In the past, Sri Lanka has been able to sustain this non-virtual policy framework because of generous access to concessional loans and grants. As a lower-middle-income country, that option is no longer available and the headroom for commercial borrowing is also diminishing. Sri Lanka now has to bite the bullet and address the underlying problem i.e. the unsustainable budget deficit. However, if Sri Lanka opts for “business as usual” and higher fuel and energy prices are imposed on top of high interest rates and an overvalued exchange rate, large swathes of the productive capacity of the economy would come under pressure and growth would plummet well below the target of 8%; and jobs will be lost.
The structural aspects of the underlying political pressure for subsidized fuel and energy relate to low productivity. Sri Lanka’s productivity is half that of Thailand. Such low productivity means that incomes have to be maintained at levels that make it very difficult for a significant proportion of the population to absorb the international price of oil. It is often inappropriately stated that Sri Lanka has a high cost of living problem. It is more pertinent to say that the country has a low productivity/low income problem.Incomes can only be increased in a non-inflationary way through increased productivity.
Since independence Sri Lankans have been made subsidy junkies (addicts) especially with regard to rice and other food items. Following the dramatic international oil price increases experienced from 1972/73 our politicians have developed the habit of subsidizing or cross-subsidizing either diesel or kerosene to achieve short-term political gains. This subsidy dependent mentality has been the justification for maintaining highly inefficient, wasteful and corrupt structures in the power and energy sector.
Is there a way forward?
The authorities are to be commended for taking action to reverse the massive losses incurred by the CPC and CEB which have severely undermined the liquidity position of the state banks and ultimately the health of the government balance sheet. While welcoming this, it is important that the authorities now move beyond ad hoc piecemeal measures to more comprehensive reforms that incorporate: 1) broad basing the power sector through opening it up for new players and creating an environment to ensure a competitive pricing mechanism; 2) unbundling of CEB to help identify specific operational and management aspects for efficiency and productivity improvement; 3) further liberalizing Petroleum imports, storage, distribution and retailing so that the Ceypetco & IOC duopoly is ended (an internationally renowned Sri Lankan regulatory expert pronounced that the only thing worse than a monopoly is duopoly); 4) further fiscal consolidation, in the medium-term, to transform Sri Lanka into a low-inflation/low-interest rate/stable exchange rate country and therefore, an internationally competitive economy; and 5) structural reforms that generate productivity-induced increases in income levels to enable the population to absorb more easily the international prices of oil and other goods. There are both efficiency (growth/employment) and equity (welfare) considerations for supporting the price increases in fuel and energy with a more ambitious reform package. The adjustment of fuel and energy prices is a necessary but not sufficient condition for placing the Sri Lankan economy on a long-term accelerated growth path that also generates higher value employment.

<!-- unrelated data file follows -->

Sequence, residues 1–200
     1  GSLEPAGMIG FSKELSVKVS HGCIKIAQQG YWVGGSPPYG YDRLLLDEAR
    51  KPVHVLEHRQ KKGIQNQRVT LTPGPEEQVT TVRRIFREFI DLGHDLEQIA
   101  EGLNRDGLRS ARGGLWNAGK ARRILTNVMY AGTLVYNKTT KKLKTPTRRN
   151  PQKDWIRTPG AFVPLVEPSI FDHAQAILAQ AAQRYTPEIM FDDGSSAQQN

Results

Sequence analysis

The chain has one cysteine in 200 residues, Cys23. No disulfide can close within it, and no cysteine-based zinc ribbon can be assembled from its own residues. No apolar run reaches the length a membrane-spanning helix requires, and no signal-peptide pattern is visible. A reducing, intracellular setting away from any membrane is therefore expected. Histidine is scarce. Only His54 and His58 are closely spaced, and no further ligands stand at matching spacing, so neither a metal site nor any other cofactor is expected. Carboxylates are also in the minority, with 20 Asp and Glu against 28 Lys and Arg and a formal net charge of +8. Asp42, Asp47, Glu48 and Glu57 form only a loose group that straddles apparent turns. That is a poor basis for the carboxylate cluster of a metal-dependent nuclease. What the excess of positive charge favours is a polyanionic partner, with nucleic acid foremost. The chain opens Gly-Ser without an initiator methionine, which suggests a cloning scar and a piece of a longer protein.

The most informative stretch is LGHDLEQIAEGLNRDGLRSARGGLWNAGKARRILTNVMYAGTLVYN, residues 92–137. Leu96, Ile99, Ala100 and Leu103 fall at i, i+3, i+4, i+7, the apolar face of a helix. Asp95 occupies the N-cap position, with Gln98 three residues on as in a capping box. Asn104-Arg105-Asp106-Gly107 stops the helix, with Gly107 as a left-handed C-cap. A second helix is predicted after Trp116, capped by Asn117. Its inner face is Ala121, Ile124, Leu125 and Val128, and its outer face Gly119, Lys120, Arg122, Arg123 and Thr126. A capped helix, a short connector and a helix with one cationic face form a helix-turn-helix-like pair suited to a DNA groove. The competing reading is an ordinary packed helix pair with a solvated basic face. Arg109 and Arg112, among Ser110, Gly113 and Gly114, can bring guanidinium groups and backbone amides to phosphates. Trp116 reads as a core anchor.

(This is the Twenty Fourth Economic Flash published by the Pathfinder Foundation. Readers’ comments are welcome at www.pathfinderfoundation.org)